On Thursday, March 20, 2008, 5:55:19 AM, Felipe wrote:
SVG1.1 spec, on session 20:
The purpose of SVG fonts is to allow for delivery of glyph outlines in display-only environments. SVG fonts that accompany Web pages must be supported only in browsing and viewing situations. Graphics editing applications or file translation tools must not attempt to convert SVG fonts into system fonts. The intent is that SVG files be interchangeable between two content creators, but not the SVG fonts that might accompany these SVG files. Instead, each content creator will need to license the given font before being able to successfully edit the SVG file. The font-face-name element indicates the name of licensed font to use for editing.
Am I getting confused or is this part of the spec really promoting the use of DRM techniques for SVG Fonts?
DRM is an enforcement mechanism. SVG doesn't have one.
In the early days of SVG, many fonts were produced by conversion from TrueType. There was a concern that if an authoring tool performed the reverse conversion, it could be seen as a way to steal truetype fonts. In practice, since SVG does not do font hinting (truetype hints are programs and can be copyrighted; Type 1-style hints are declarative, and were considered for SVG, but such hinting is hard to specify conformance-wise) this turned out not to be a problem.
The intent of the bolded text was for authoring; if the 'original' font was available, an authoring tool might use that information. For example, if the SVG file had a font with the glyphs S, V and G but the content creator wanted to have text that said 'SAG'; that would require going back to the original font to get the 'A" glyph.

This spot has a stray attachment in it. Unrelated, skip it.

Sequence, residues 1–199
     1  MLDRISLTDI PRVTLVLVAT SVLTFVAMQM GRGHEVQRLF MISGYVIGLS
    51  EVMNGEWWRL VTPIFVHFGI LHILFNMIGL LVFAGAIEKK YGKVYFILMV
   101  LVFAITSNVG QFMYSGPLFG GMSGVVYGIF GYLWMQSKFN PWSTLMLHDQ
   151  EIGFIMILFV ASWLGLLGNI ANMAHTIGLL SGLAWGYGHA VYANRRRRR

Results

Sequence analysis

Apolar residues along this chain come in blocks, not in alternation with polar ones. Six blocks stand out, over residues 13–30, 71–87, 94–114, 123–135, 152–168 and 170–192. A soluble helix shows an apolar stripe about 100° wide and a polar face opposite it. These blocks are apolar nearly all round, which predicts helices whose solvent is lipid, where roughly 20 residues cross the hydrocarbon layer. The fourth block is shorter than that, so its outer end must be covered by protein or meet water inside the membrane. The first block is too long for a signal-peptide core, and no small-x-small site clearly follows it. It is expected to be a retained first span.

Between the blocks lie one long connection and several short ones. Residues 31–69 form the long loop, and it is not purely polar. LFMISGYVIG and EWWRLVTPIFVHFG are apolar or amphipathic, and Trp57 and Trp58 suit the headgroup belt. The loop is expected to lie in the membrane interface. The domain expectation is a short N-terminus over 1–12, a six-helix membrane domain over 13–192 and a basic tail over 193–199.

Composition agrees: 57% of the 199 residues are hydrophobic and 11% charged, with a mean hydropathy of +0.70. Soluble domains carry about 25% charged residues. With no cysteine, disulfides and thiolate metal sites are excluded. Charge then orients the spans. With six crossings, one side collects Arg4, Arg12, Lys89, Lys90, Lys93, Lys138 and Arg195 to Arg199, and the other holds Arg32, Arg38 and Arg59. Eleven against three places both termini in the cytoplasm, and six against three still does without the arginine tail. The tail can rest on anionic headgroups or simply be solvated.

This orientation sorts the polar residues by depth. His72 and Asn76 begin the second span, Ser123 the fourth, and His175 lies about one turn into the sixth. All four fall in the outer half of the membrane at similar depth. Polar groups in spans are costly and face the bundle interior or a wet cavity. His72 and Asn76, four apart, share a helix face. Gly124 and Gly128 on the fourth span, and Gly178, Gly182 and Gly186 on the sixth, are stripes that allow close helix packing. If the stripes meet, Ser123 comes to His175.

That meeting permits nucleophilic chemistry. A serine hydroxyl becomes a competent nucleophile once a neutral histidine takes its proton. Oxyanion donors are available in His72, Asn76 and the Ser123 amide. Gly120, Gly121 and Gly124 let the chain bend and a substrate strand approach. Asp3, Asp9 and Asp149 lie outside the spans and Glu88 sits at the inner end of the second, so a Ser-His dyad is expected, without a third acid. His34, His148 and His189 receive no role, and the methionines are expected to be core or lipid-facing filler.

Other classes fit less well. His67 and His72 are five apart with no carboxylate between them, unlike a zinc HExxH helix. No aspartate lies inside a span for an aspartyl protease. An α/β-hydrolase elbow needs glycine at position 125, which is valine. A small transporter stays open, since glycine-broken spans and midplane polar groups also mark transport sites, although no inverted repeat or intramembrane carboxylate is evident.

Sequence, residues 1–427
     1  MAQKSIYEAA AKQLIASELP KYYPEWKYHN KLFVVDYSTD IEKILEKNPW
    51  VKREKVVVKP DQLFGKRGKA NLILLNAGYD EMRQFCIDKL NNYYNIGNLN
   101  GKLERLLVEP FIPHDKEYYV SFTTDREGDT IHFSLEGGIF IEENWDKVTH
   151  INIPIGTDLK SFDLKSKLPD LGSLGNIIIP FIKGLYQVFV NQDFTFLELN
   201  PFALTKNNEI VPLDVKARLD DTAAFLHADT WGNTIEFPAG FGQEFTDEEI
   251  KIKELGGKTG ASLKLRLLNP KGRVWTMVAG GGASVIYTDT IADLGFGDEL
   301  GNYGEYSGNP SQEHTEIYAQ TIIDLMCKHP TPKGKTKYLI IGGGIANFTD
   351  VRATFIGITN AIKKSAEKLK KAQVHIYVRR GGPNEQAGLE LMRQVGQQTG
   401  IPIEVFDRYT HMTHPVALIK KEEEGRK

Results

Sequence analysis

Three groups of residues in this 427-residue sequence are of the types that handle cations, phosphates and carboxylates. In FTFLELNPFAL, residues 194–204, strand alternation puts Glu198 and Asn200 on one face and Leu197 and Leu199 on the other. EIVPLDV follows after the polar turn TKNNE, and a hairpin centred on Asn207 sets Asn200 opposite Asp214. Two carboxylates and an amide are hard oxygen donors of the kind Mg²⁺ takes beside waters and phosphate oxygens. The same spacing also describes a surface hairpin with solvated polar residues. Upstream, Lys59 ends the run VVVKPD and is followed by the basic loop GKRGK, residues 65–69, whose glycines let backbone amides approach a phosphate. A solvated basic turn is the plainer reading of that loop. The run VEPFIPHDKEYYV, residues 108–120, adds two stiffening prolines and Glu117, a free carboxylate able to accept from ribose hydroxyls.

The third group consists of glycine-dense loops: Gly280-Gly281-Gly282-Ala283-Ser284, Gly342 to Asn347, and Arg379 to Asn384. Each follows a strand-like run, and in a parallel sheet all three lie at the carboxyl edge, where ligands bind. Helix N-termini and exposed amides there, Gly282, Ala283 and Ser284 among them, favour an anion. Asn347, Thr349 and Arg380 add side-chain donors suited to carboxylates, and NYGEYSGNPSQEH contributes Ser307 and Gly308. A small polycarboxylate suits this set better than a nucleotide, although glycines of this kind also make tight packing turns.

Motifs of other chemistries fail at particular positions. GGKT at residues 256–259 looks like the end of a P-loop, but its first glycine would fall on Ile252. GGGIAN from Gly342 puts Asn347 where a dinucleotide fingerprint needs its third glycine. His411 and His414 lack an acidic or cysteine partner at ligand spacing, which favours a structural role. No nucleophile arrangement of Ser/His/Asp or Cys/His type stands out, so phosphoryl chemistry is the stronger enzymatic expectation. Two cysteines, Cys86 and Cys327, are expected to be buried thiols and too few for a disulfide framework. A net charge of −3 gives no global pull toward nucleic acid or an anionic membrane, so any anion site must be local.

However, its perfectly possible to create an SVG font from scratch (eg, in FontForge). Also, some font licenses let you edit the font and convert to other formats, as long as you don't keep the original name (Bitstream Vera springs to mind). So that text has some issues.
The SVG 1.2 spec says, instead
The purpose of SVG fonts is to allow for delivery of glyph outlines in display-only environments. SVG fonts that accompany Web pages must be supported only in browsing and viewing situations. Graphics editing applications or file translation tools must not attempt to convert SVG fonts into system fonts.
which is clearer, and avoids and hand-wavy hints about sneaking in the name of some 'original' font and doing clever things with it on the fly.
As to fonts having licenses, I hope that is not a surprise to anyone. Licenses vary widely in what they allow or disallow. A content designer is responsible for checking that any derived works they make from someone else's content meets any licenses that apply. This is true for fonts, images, sounds, video and so forth. There are several free font licenses available, for example.
A corollary of that statement about it being the content creators responsibility is that SVG implementations will *not* check; there is no DRM in SVG. The renderer takes no position on the legality of the curves in your file :)
Chris Lilley mailto:chris@...157...
Interaction Domain Leader
W3C Graphics Activity Lead
Co-Chair, W3C Hypertext CG